In physics, mass–energy equivalence is the relationship between mass and energy in a system's rest frame, where the two values differ only by a constant and the units of measurement. The principle is described by the physicist Albert Einstein's famous formula:
The formula defines the energy E of a particle in its rest frame as the product of mass (m) with the speed of light squared (c2). Because the speed of light is a large number in everyday units (approximately 3×108 meters per second), the formula implies that a small amount of rest mass corresponds to an enormous amount of energy, which is independent of the composition of the matter. Rest mass, also called invariant mass, is the mass that is measured when the system is at rest. It is a fundamental physical property that is independent of momentum, even at extreme speeds approaching the speed of light (i.e., its value is the same in all inertial frames of reference). Massless particles such as photons have zero invariant mass, but massless free particles have both momentum and energy. The equivalence principle implies that when energy is lost in chemical reactions, nuclear reactions, and other energy transformations, the system will also lose a corresponding amount of mass. The energy, and mass, can be released to the environment as radiant energy, such as light, or as thermal energy. The principle is fundamental to many fields of physics, including nuclear and particle physics.
Mass–energy equivalence arose from special relativity as a paradox described by the French polymath Henri Poincaré. Einstein was the first to propose the equivalence of mass and energy as a general principle and a consequence of the symmetries of space and time. The principle first appeared in "Does the inertia of a body depend upon its energy-content?", one of his Annus Mirabilis (Miraculous Year) papers, published on 21 November 1905. The formula and its relationship to momentum, as described by the energy–momentum relation, were later developed by other physicists.
Sean Carroll says that in SR the time component of the 4-momentum of a particle is its energy. It is of course also ##mc^2dt/d\tau##. He uses that to prove that ##E=mc^2##. Which begs the question why does ##E=p^0##?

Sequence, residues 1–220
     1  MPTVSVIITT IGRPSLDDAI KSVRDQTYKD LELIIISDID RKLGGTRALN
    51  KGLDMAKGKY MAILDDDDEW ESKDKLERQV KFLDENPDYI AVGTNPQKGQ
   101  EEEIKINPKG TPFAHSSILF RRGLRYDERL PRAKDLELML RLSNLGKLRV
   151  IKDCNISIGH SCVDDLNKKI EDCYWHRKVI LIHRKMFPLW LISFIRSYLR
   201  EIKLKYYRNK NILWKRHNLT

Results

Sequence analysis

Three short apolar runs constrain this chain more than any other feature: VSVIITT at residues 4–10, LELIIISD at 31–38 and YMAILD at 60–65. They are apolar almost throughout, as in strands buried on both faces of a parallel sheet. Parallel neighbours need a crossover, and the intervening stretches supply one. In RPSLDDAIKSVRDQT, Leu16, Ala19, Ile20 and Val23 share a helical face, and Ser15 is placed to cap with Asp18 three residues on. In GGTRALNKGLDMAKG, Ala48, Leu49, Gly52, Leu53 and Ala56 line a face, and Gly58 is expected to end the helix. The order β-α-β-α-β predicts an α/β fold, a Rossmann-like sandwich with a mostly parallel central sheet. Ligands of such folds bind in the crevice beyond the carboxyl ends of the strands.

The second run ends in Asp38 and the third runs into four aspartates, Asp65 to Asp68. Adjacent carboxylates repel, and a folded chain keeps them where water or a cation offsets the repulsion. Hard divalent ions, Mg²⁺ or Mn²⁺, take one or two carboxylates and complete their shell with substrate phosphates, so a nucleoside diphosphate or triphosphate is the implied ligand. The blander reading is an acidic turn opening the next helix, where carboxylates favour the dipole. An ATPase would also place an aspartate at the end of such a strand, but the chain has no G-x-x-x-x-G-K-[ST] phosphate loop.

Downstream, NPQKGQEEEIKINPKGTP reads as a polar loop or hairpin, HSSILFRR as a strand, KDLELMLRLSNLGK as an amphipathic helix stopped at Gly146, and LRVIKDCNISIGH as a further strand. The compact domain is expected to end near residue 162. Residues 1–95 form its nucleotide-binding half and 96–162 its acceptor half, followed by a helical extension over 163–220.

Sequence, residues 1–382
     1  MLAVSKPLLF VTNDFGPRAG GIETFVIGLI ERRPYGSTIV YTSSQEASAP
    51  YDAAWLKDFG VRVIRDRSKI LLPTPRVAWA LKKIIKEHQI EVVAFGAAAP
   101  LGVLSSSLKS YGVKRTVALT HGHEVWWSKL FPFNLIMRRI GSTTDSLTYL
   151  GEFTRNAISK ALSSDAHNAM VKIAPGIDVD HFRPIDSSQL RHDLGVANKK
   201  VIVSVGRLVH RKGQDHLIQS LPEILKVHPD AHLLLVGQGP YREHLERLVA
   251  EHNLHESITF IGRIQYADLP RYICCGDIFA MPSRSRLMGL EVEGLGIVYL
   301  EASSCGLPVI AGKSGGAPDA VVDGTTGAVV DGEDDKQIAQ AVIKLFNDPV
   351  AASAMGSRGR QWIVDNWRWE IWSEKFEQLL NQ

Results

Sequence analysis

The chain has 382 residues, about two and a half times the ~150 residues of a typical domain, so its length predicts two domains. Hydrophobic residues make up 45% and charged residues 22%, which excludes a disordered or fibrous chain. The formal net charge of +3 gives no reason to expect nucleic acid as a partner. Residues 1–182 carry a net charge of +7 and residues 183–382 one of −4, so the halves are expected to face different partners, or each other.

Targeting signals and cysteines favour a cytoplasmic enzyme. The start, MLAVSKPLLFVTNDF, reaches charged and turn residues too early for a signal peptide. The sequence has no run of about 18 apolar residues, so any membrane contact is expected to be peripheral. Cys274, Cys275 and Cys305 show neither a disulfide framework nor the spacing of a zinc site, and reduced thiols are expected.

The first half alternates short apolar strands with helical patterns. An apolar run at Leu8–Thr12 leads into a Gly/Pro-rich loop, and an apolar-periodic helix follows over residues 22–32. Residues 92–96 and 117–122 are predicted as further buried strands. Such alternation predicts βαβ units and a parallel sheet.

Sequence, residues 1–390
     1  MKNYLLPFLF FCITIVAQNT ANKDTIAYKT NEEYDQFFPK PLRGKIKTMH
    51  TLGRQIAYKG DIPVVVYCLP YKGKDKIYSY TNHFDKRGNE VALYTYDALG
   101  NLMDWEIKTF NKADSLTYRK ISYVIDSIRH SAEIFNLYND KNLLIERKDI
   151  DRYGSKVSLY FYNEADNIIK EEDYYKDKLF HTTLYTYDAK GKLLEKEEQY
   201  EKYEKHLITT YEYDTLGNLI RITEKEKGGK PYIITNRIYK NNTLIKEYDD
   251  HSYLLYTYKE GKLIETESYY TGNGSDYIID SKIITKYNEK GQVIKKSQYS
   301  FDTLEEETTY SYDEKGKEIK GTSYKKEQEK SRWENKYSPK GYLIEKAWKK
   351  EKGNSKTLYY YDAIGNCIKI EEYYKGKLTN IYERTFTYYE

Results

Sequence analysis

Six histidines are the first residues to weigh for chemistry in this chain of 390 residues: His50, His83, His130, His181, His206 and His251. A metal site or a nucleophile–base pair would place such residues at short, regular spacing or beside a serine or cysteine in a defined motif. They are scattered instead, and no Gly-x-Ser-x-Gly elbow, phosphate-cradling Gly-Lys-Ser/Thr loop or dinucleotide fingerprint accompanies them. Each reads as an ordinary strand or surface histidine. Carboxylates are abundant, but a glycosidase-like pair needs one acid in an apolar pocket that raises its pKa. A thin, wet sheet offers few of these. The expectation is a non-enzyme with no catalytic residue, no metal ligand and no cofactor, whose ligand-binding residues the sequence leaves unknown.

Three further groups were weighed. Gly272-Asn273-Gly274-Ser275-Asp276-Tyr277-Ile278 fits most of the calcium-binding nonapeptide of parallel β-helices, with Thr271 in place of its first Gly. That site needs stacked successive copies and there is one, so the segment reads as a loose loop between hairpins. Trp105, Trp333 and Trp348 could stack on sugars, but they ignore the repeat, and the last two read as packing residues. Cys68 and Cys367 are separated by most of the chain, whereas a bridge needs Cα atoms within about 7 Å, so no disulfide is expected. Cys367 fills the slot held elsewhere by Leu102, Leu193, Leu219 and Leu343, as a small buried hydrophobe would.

Misner, Thorne, Wheeler do roughly the same thing.
I find these 'proofs'...
If energy is released during nuclear fission, why is the mass of the products (the two new nuclei and fission neutrons) greater than the mass of the original nuclei? In accordance to E=mc^2, shouldn't the release of energy result in the products having a lesser mass than the original nuclei?
I was wondering if it is possible to work out the maximum amount of energy an object with mass can have using the length contraction equation (i.e. "actual" length divided by Lorentz factor).
The way I thought of doing this was by rearranging e = mc^2 to get c^2 = e/m. Then, substitute e/m into...
From the semi-classical Bohr model of the hydrogen atom the velocity of the electron in a certain orbit can be determined. With these velocities the electron's relativistic masses can be determined. With E=mc2 the energy levels are in agreement with those from the Bohr model. I know Bohr's model...
What mass of mater would be converted to energy to provide 3200W of Power for 3 days?
The Attempt at a Solution
Subbing mc2 for energy I get
This answer is...
I have a simple and foolish question.
I want to compare the energy of a given mass (obviously e=mc2); let's say the energy of a hydrogen atom, with the energy that binds together the fundamental particles of that atom (strong interaction). I know that e=mc2 holds always true, and...
I've recently started studying Nuclear physics and would appreciate help from someone who could clarify my doubt.
19O -> 19F + e + v
Calculate the Q-value in the given decay using following data:
The problem that I'm having...